Windows 11: Loved and Wanted? Sure As Long As No One Thinks about MSFT Security Challenges

January 10, 2022

I hold the opinion that the release of Windows 11 was a red herring. How does one get the tech pundits, podcasters, and bloggers to write about something other than SolarWinds, Exchange, etc.? The answer from my point of view was to release the mostly odd Windows 10 refresh.

Few in my circle agreed with me. One of my team installed Windows 11 on one of our machines and exclaimed, “I’m feeling it.” Okay, I’m not. No Android app support, round corners, and like it, dude, you must use Google Chrome, err, I mean Credge.

I read “Only 0.21%, Almost No One Wants to Upgrade Windows 11.” Sure, the headline is confusing, but let’s look at the data. I believe everything backed by statistical procedures practiced by an art history major whose previous work experience includes taking orders at Five Guys.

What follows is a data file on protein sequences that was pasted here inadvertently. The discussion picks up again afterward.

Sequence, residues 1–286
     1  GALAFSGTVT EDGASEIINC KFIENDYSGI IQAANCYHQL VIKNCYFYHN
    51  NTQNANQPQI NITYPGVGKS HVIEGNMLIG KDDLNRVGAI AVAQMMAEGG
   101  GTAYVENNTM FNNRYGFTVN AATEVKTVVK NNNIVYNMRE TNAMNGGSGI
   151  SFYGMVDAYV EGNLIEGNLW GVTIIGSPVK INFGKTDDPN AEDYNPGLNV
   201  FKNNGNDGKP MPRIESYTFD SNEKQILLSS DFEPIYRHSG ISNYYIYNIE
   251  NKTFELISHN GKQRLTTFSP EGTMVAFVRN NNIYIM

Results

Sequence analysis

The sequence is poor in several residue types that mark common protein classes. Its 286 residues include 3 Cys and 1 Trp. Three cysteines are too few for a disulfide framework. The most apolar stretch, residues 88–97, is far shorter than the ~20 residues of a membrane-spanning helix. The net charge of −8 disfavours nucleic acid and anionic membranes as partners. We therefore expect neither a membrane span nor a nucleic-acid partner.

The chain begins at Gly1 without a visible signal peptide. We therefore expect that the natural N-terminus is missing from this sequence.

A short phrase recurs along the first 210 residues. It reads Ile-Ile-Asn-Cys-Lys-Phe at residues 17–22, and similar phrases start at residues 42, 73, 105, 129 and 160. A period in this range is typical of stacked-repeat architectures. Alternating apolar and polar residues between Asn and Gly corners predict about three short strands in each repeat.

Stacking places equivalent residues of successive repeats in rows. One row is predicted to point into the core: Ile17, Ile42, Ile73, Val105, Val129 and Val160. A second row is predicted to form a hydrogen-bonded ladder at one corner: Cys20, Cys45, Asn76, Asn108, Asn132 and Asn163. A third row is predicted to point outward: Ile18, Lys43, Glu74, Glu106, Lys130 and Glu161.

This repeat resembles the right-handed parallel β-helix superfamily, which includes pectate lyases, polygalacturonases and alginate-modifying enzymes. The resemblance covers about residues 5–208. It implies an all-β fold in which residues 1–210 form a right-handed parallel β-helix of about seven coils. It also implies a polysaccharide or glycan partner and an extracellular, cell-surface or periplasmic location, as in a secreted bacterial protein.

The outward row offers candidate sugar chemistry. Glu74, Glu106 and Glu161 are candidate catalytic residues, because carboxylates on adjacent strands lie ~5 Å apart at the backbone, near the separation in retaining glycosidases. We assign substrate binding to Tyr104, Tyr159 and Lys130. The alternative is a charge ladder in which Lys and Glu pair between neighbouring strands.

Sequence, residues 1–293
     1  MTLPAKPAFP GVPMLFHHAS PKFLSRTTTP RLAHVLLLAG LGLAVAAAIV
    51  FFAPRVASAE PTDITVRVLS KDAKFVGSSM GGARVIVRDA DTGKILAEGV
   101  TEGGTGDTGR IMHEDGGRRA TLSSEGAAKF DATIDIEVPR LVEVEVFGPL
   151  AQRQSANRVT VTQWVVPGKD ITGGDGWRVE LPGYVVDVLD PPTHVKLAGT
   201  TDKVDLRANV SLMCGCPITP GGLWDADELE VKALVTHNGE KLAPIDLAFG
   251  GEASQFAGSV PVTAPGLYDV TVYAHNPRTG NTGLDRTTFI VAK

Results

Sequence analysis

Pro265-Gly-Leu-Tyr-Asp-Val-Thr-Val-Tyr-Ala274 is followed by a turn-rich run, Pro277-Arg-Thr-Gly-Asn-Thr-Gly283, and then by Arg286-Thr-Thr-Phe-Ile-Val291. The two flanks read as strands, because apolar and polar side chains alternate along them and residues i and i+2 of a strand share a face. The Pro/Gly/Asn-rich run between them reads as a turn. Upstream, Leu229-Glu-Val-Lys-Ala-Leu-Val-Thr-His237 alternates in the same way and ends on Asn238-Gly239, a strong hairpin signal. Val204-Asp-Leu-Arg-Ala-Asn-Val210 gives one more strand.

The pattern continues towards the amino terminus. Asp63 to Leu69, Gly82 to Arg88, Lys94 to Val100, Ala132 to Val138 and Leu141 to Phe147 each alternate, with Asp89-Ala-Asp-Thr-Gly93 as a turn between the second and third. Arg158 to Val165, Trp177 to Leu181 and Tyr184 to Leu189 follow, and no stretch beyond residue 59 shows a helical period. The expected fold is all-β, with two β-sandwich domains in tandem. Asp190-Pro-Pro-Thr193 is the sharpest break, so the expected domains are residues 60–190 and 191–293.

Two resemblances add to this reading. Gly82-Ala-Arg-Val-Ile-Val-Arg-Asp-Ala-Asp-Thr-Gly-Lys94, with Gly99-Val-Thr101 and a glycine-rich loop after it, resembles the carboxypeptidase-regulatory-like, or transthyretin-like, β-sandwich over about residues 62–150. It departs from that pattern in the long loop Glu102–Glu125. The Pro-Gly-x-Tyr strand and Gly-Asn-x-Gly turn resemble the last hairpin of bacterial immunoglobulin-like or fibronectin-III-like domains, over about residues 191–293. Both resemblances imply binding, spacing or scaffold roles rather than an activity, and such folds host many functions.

The write up states:

According to the latest research by IT asset management company Lansweeper, although Windows 10 users can update Windows 11 for free, it is currently only 0.21%. Of PC users are running Windows 11.

I am not sure what this follow on construction means:

At present, Windows 11 is very good. Probably the operating system with the least proportion.

I think the idea is that people are not turning cartwheels over Windows 11. Wasn’t Windows 10 supposed to be the last version of Windows?

I am going to stick with my hypothesis that Windows 11 was pushed out the door, surprising Windows experts with allegedly “insider knowledge” about what Microsoft was going to do. The objective was to deflect attention from Microsoft’s significant security challenges.

Those challenges have been made a little more significant with Bleeping Computer’s report “Microsoft Code Sign Check Bypassed to Drop Zloader.”

Is it time for Windows 12, removing Paint, and charging extra for Notepad?

Possibly.

Stephen E Arnold, January 10, 2022

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